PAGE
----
“I was just depressed,” Quimby said. “My wife and I were having a lot of money troubles. We were paid … $600 a month and my wife was a legal secretary making about that amount. We were strapped. We had five kids and all the expenses thereto…. Jess picked up on this somehow. He just intuitively picked up on it. The guy knew things about you on a personal basis. He said to me, ‘John, what’s happening?’ I said ‘Jess, same old stuff, the wife and the kids and money.’ He said, ‘I want to give you some help.’ “
Unruh, Boyarsky notes, was paid the same as Quimby. And also had five children. Unruh pulled out 15 $100 bills and gave them to Quimby.
“Cash money,” said Quimby. “I just can’t tell you what that meant. He said just: ‘Take this and use it for the best advantage.’ Never mentioned it again.… I am not saying he (just) gave people money. He gave people what they needed that he could come up with even if it was a hug or a kind word or a phone call.… I think that was his secret.”
Part of Quimby’s appeal — a former chair of the San Bernardino March of Dimes — was his “carrying on so cheerfully and indomitably in spite of his own handicap,” writes former Senate President Pro Tempore James Mills in a December 1983 San Diego Magazine article.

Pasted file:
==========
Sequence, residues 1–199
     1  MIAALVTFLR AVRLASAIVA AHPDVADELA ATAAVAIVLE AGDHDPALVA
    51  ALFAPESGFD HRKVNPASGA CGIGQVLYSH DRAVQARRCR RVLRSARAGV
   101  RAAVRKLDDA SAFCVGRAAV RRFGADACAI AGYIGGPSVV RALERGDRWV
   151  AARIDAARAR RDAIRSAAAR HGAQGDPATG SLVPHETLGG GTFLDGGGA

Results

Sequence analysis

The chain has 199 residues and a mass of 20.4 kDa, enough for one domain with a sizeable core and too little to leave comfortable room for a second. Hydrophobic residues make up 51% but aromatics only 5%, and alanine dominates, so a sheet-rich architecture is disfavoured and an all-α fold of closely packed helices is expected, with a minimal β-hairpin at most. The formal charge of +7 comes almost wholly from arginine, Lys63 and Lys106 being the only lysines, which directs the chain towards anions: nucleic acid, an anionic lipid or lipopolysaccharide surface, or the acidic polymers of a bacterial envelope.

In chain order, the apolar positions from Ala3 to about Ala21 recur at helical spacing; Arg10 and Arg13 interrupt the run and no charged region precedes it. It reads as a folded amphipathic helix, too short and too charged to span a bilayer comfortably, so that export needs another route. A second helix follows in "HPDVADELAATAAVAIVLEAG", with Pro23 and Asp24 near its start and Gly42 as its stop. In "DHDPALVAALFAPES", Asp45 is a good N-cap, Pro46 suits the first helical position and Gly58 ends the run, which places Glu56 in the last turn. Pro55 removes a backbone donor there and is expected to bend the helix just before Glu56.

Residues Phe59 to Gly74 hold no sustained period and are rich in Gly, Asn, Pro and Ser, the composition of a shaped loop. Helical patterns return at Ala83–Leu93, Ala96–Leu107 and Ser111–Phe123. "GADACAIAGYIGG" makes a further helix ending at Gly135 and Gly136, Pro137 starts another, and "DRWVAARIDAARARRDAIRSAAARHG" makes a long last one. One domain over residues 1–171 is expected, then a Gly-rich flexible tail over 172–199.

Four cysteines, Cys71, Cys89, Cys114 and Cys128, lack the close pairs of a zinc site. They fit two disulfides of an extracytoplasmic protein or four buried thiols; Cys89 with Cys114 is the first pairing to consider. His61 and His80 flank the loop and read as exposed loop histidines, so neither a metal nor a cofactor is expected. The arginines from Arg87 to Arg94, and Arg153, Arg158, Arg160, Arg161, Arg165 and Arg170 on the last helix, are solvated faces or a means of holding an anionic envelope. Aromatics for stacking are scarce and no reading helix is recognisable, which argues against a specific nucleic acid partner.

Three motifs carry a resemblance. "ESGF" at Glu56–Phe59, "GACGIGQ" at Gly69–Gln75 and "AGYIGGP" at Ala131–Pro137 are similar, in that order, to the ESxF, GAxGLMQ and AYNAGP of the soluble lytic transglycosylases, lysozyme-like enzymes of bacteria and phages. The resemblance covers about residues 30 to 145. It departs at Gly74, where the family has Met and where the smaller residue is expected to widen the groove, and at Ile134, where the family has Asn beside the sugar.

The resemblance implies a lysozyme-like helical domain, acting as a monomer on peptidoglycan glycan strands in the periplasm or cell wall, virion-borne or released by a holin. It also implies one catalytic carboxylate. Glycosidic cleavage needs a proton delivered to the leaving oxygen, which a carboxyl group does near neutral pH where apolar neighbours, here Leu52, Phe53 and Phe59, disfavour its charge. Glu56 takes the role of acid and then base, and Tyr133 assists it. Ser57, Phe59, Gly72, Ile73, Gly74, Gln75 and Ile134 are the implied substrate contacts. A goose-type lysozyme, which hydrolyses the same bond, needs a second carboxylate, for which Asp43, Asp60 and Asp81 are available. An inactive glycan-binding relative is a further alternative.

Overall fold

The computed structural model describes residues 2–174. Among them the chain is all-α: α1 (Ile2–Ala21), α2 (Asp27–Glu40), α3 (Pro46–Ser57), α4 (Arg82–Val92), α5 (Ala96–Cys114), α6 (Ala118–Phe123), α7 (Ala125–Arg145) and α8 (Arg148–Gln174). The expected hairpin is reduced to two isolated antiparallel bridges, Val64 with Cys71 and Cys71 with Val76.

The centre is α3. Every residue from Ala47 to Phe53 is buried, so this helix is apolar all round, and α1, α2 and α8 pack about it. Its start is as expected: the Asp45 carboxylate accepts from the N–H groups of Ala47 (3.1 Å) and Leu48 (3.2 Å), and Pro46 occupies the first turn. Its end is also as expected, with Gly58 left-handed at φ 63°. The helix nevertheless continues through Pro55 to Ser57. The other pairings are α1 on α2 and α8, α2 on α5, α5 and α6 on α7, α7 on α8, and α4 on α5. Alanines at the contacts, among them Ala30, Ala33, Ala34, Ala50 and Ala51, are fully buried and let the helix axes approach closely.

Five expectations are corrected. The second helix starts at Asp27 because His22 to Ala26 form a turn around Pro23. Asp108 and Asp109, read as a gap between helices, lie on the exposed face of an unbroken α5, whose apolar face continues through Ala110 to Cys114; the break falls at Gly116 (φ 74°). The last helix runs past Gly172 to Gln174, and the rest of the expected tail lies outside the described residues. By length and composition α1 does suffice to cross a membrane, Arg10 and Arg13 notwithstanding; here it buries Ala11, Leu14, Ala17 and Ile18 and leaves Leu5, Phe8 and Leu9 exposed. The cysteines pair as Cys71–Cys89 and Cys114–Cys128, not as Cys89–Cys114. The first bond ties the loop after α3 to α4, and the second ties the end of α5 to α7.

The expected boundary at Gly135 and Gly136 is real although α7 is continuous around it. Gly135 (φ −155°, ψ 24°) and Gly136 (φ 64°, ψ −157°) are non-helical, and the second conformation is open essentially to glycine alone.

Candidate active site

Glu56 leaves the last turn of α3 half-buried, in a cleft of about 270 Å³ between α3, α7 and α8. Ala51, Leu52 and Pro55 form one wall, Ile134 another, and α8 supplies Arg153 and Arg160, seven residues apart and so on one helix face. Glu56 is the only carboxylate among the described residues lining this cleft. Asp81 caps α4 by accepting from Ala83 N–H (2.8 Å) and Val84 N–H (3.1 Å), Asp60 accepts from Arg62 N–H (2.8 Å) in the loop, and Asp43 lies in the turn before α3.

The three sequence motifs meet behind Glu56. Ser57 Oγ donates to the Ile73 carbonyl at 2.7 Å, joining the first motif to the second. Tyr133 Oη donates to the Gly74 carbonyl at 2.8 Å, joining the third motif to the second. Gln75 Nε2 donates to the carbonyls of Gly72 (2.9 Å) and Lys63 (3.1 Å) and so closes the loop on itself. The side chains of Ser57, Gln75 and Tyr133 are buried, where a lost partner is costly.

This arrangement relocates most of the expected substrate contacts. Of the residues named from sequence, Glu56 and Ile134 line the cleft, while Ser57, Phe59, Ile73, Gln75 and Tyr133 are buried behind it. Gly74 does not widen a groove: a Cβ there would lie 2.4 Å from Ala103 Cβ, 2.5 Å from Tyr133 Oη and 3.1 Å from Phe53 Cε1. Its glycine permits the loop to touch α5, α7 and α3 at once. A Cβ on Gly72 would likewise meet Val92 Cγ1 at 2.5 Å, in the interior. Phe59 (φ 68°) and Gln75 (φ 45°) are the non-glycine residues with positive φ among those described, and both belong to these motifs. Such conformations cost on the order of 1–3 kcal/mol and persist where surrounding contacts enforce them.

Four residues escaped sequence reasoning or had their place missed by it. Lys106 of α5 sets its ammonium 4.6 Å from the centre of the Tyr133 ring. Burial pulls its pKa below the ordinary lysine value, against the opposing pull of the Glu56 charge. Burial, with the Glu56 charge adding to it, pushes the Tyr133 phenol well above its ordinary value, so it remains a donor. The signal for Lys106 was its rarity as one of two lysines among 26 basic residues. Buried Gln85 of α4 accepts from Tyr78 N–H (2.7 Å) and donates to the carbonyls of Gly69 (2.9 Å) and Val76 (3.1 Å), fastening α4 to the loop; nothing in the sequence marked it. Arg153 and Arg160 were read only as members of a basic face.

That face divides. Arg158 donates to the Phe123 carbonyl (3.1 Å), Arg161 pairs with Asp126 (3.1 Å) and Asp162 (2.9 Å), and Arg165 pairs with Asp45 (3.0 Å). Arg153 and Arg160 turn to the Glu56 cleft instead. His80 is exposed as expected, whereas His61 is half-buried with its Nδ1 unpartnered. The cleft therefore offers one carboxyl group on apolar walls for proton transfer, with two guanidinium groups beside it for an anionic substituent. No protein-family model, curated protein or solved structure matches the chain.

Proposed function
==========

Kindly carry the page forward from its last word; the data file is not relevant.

“(John) struggled around the marble halls of the Capitol like a lion crippled in its hindquarters,” writes Mills, a San Diego Democrat who was the Senate’s leader from 1971 to 1980 and Quimby’s Assembly colleague from 1963 through 1966.
“His arms, shoulders and neck were majestically proportioned, as a result of his having propelled himself by hand upon his withered steel-braced legs everywhere he had gone since he was a youngster. His head was sculpted on the same leonine scale and design as his forequarters – and it was appropriately framed by a fine, dark mane of hair.”
Echoing the words of others who knew Quimby, Mills says: “A few words with John always improved any day.”
“He was a very smart bright man. An effective lobbyist but people just loved having him around. He always had a joke or a way of making people laugh. I never heard him say anything bad about anyone.”
Quimby also considered cursing an art form although one of his oft-usd phrases — “Commie-pinko” — lost some cache after the fall of the Berlin Wall.
Quimby’s proudest legislative achievement was a 1965 measure that bears his name, passed in the wake of a rash of development throughout the state.
In one paragraph, the Quimby Act changed how California has grown over the past 45 years: